Monday, August 31, 2015

SCOTUS: "Long Conference" on 9/28

The NY Times has an interesting piece this morning on the "long conference" where all of the summer petitions will be considered.  The odds of a grant from the long conference are particularly low.  Can't the Court meet a few times over the summer to consider the filed cert petitions?  Would that be such a burden in addition to the 70-75 cases that they hear a year?

Four weeks from now, on Sept. 28, the Supreme Court justices will gather in private for an annual ritual called the “long conference.” They will consider the roughly 2,000 petitions to hear appeals that have piled up over the summer. And they will reject almost every one.
“The summer list is where petitions go to die,” said Gregory G. Garre, a solicitor general in the George W. Bush administration who is now at Latham & Watkins.
The odds of persuading the Supreme Court to hear a case are always long. At the conferences held on many Fridays during the term, which lasts from October to June, the justices consider perhaps 200 petitions at a time and grant about 1.1 percent of them. At the long conference, the rate is roughly half of that, around 0.6 percent.
That difference is significant. “For the majority of petitioners, the most important moment is trying to get in the door,” said Jeffrey L. Fisher, a law professor at Stanford who argues frequently before the court. “Once you’re in, the statistics say, you have a two-thirds chance of winning. So the difference between a grant and a deny is truly the difference for a handful of cases on the summer list between winning and losing.”
Lawyers and scholars have various theories about why the long conference is so inhospitable. One is that the justices, who decide about 70 cases a year, do not want to grant too many petitions right away for fear of having to turn down better ones later on.
“It’s like the beginning of a long buffet,” Professor Fisher said. “You don’t want to fill your plate with too much stuff, lest you not have room for some delicious items at the end of the line.”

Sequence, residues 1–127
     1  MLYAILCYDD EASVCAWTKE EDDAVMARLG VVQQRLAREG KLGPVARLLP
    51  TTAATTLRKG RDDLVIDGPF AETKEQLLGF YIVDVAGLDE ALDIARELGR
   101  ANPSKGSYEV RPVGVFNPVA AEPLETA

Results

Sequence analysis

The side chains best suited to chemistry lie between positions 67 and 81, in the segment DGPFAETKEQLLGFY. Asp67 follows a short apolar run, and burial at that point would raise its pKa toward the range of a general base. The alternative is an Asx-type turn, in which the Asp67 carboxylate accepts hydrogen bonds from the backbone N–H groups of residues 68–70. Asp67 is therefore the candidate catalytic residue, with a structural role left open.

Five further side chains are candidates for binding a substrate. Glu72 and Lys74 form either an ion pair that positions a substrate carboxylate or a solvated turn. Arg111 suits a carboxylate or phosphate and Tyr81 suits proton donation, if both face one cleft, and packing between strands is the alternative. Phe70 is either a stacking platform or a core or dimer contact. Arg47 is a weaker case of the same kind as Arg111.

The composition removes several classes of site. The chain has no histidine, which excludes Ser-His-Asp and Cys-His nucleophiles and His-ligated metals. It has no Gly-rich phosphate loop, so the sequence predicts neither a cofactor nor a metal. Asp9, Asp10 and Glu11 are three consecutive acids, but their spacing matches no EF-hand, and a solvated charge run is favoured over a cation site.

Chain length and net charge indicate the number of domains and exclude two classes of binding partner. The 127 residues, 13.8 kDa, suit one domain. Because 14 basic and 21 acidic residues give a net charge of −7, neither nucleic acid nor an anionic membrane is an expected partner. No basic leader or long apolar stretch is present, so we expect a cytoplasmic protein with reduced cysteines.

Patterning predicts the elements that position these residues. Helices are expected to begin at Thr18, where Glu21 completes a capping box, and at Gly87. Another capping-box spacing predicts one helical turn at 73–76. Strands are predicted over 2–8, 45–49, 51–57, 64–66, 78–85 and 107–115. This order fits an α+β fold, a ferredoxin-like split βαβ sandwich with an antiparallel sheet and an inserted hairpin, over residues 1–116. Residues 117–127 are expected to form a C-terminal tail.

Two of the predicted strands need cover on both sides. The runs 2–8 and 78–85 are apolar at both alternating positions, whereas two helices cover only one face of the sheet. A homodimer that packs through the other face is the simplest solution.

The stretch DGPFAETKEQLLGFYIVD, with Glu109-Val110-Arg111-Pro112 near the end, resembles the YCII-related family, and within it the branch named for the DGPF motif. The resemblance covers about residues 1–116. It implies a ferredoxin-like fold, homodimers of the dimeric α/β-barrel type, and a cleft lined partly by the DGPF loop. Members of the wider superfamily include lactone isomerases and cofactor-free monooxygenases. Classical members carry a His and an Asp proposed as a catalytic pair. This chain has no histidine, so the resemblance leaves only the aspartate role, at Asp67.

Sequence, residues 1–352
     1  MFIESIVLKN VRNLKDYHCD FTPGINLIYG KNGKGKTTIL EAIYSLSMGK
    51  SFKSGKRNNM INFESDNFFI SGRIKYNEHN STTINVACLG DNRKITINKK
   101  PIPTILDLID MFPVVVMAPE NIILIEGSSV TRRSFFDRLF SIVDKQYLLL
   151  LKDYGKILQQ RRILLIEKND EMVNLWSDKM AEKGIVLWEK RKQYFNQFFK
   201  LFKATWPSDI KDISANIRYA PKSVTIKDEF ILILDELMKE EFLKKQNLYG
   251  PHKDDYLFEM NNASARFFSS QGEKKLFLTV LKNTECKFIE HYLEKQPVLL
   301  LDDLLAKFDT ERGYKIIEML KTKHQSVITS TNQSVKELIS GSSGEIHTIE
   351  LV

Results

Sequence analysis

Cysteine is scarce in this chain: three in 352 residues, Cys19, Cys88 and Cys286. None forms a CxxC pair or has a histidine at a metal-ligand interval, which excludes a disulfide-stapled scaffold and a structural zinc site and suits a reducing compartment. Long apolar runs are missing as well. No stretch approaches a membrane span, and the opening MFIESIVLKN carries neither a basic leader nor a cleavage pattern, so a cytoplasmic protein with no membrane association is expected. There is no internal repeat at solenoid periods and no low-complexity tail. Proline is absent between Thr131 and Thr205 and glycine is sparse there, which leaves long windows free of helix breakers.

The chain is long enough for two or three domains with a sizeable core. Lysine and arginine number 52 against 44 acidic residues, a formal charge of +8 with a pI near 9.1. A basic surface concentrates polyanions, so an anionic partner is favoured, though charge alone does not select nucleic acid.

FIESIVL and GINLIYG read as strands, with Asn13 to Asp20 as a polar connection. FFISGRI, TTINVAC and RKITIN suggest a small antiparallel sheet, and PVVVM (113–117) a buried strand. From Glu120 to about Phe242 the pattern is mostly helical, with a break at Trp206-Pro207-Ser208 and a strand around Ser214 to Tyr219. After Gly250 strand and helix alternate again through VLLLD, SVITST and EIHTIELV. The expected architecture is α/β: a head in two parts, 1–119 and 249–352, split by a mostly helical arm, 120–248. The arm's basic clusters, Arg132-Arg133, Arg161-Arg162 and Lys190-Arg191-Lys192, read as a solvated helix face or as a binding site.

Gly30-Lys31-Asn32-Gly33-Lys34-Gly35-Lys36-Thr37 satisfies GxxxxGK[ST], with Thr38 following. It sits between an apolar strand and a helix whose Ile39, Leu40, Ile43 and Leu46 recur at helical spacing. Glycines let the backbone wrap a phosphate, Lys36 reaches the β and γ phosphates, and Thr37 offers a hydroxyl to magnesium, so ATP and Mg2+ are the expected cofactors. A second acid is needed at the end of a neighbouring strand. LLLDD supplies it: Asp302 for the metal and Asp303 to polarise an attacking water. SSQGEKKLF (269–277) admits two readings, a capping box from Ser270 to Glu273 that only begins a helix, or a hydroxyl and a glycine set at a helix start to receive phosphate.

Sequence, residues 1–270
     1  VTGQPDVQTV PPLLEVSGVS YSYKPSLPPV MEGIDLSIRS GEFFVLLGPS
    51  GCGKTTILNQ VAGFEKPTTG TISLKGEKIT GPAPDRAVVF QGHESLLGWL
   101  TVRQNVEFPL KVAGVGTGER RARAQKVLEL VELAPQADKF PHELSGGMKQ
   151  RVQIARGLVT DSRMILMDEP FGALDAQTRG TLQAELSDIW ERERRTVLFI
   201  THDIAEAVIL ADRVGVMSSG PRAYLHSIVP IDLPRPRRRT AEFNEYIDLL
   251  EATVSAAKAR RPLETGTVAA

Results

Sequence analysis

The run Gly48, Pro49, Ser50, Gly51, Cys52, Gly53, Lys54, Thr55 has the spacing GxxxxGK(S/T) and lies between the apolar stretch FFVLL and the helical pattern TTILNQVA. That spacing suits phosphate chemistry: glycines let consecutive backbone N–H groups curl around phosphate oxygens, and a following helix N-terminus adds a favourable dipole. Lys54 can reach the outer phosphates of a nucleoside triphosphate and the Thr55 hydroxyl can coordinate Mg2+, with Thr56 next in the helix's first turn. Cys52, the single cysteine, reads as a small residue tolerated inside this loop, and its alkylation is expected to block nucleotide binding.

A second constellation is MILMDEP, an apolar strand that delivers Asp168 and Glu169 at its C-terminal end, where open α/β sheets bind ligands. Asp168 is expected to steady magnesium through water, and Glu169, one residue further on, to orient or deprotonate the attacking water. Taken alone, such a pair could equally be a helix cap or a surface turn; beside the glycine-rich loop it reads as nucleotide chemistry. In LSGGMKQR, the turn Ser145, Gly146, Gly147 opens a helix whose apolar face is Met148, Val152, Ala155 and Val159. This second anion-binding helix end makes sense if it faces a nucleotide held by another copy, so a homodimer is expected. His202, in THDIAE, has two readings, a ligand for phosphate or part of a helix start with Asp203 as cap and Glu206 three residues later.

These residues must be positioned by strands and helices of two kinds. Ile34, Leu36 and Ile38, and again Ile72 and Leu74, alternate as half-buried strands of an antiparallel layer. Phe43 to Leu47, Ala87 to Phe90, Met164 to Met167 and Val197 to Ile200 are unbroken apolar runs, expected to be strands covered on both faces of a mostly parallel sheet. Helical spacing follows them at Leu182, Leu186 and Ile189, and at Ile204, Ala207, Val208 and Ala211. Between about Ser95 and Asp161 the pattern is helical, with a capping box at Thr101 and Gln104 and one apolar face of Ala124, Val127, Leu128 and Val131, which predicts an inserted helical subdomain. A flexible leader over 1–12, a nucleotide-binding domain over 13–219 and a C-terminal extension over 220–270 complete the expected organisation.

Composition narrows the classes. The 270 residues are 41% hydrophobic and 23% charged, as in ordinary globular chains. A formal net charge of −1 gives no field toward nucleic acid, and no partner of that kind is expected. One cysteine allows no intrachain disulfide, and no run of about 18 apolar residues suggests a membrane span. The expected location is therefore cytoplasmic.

Meantime Liptak (the author of the article) and Orin Kerr are fighting about whether Justice Thomas here.  Here is the original NY Times piece that Kerr take on. Who has the better of the debate?  Kerr seems to make valid points about the flimsy statistics cited by Liptak.

Friday, August 28, 2015

Flakka and butt implant deliveries from overseas to be delayed due to Erika

Your 8am death cone:

Paula McMahon covers this big Flakka importation case:
Two men pleaded guilty Thursday to importing more than 24 pounds of the main ingredient in the street drug flakka from China to Broward County.

Federal authorities arrested Michael J. Hernandez, 25, of Orlando, and Jonell Vega-Mercado, 21, of Clermont, in June when they tried to pick up packages from a shipping and mailbox store in Hollywood.
Michael J. Hernandez and Jonell Vega-Mercado

Homeland Security Investigations agents said the packages contained the key ingredient for making the synthetic stimulant, which often causes hallucinations and psychosis.

The packages were addressed to fake names and were intercepted while being shipped to commercial mailboxes in Weston and Hollywood, authorities said.

The men ordered large amounts of the drug to be shipped from labs in China and the conspiracy went on from January to early June, according to the plea agreement. The men paid cash for mailbox services and used fake identities when they picked up the shipments.